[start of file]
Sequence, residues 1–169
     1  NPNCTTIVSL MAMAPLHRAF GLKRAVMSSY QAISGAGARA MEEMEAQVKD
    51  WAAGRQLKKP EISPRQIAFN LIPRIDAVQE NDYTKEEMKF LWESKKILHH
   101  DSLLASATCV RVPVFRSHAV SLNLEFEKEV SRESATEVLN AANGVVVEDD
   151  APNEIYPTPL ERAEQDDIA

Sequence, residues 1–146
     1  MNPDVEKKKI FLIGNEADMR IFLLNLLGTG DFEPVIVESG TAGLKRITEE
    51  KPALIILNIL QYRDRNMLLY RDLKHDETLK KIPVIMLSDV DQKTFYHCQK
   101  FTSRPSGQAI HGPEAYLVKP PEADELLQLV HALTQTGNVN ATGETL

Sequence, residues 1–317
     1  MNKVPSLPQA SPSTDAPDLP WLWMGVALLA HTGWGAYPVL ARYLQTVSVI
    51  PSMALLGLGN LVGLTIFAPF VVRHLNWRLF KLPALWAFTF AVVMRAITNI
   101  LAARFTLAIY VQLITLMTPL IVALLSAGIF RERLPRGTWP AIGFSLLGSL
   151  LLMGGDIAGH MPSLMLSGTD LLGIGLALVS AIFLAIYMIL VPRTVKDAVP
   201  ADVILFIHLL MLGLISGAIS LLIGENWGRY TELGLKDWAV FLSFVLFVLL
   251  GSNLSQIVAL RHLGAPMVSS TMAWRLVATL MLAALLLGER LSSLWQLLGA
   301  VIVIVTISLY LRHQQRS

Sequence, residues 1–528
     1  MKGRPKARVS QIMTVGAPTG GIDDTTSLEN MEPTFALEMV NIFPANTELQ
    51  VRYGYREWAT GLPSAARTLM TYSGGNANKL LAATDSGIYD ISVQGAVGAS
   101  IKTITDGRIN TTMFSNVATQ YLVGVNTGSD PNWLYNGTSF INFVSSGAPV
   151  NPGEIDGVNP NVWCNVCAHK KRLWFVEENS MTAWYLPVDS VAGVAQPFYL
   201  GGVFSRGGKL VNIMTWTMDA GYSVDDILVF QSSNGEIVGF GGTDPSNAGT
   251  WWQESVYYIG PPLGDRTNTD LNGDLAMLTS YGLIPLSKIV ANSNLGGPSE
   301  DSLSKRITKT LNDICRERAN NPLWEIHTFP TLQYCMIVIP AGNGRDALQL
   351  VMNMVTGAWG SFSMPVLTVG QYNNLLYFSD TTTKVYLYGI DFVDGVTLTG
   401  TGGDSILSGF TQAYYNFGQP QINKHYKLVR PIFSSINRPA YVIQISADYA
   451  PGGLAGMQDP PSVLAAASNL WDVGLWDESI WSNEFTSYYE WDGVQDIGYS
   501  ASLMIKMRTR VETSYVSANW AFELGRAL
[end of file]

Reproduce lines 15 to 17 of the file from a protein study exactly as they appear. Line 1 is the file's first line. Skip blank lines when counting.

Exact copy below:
   201  ADVILFIHLL MLGLISGAIS LLIGENWGRY TELGLKDWAV FLSFVLFVLL
   251  GSNLSQIVAL RHLGAPMVSS TMAWRLVATL MLAALLLGER LSSLWQLLGA
   301  VIVIVTISLY LRHQQRS